From Wild Tales to Zama, Argentine cinema has produced some of the most visually striking and critically lauded films of the 2000s. Argentina also boasts some of the most exciting contemporary poetry in the Spanish language. What happens when its film and poetry meet on screen? Moving Verses studies the relationship between poetry and cinema in Argentina. Although both the “poetics of cinema” and literary adaptation have become established areas of film scholarship in recent years, the diverse modes of exchange between poetry and cinema have received little critical attention. The book analyses how film and poetry transform each another, and how these two expressive media behave when placed into dialogue. Going beyond theories of adaptation, and engaging critically with concepts around intermediality and interdisciplinarity, Moving Verses offers tools and methods for studying both experimental and mainstream film from Latin America and beyond. The corpus includes some of Argentina’s most exciting and radical contemporary directors (Raúl Perrone, Gustavo Fontán) as well as established modern masters (María Luisa Bemberg, Eliseo Subiela), and seldom studied experimental projects (Narcisa Hirsch, Claudio Caldini). The critical approach draws on recent works on intermediality and “impure” cinema to sketch and assess the many and varied ways in which directors “read” poetry on screen.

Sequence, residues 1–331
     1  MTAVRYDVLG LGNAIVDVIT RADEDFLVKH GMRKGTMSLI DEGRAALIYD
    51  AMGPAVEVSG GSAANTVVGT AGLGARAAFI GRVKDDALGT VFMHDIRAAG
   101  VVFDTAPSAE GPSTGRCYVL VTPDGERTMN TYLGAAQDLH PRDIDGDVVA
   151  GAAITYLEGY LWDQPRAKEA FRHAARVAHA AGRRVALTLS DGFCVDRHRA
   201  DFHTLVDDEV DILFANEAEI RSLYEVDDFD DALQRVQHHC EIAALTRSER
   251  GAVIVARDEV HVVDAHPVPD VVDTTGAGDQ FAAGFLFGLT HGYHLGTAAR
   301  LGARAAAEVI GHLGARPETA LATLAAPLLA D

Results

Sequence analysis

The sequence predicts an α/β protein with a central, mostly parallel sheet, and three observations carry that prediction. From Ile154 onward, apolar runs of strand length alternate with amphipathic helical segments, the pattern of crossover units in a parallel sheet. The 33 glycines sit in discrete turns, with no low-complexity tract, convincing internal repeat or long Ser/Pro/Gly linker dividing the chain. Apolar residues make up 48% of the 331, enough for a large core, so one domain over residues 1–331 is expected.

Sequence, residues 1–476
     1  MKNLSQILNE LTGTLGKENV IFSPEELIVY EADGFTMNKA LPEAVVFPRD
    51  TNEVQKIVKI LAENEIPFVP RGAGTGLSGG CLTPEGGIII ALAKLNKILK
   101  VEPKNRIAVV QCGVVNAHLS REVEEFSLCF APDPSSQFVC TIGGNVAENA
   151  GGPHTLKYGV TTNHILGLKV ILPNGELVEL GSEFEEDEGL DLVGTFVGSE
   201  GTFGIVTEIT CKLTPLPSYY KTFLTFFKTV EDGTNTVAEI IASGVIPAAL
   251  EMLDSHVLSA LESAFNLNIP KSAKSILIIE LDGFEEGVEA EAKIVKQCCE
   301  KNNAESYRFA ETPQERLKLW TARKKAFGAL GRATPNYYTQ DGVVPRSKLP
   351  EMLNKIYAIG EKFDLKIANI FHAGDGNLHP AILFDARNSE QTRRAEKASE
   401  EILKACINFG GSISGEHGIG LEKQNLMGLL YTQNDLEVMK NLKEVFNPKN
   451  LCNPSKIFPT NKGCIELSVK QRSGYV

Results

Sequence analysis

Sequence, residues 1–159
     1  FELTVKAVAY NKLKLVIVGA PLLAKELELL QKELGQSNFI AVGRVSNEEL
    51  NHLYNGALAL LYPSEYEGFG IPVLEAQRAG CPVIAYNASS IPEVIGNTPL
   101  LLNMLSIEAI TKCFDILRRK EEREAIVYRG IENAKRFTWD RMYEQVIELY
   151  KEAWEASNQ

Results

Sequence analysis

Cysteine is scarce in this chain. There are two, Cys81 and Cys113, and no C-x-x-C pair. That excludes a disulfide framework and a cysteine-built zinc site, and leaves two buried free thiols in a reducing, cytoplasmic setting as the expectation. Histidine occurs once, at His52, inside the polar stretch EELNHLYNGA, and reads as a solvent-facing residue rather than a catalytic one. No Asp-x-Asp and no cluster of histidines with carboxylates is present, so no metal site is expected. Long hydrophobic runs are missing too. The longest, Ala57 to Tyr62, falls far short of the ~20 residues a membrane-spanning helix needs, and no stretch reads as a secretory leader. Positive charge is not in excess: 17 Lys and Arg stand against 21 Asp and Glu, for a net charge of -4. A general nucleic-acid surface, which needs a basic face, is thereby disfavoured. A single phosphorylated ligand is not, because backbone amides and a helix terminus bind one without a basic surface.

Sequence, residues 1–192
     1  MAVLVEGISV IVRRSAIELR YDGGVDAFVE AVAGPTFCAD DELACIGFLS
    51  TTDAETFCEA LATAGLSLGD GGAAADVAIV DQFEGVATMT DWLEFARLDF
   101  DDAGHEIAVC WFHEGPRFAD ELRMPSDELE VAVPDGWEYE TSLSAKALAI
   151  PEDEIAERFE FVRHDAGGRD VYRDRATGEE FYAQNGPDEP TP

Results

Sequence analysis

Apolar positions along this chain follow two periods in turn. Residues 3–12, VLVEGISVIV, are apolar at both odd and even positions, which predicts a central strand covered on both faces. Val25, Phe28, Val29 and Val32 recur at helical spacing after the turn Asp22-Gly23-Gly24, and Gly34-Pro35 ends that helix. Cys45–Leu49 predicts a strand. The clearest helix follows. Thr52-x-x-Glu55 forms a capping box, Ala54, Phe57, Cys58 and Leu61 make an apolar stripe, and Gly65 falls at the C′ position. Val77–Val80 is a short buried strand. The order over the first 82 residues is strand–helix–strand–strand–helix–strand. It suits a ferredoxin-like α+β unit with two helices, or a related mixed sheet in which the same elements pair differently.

“Moving Verses: Poetry on Screen in Argentine Cinema breaks new ground in a relatively little-studied interdiscipline sitting at the nexus of poetry and film. It sheds significant light on the many pathways by which the two genres of practice intersect, with particular attention paid to what poetry affords to film.”
Rebecca Kosick, University of Bristol
"This is a thoroughly researched and original work, which presents detailed and persuasive studies of films that have not previously received sufficient attention from scholars. Through its rigorous focus on encounters between poetry and film, Bollig’s book makes a significant contribution to debates on intermediality and experimental cinema both in Latin America and elsewhere."
Paul Merchant, University of Bristol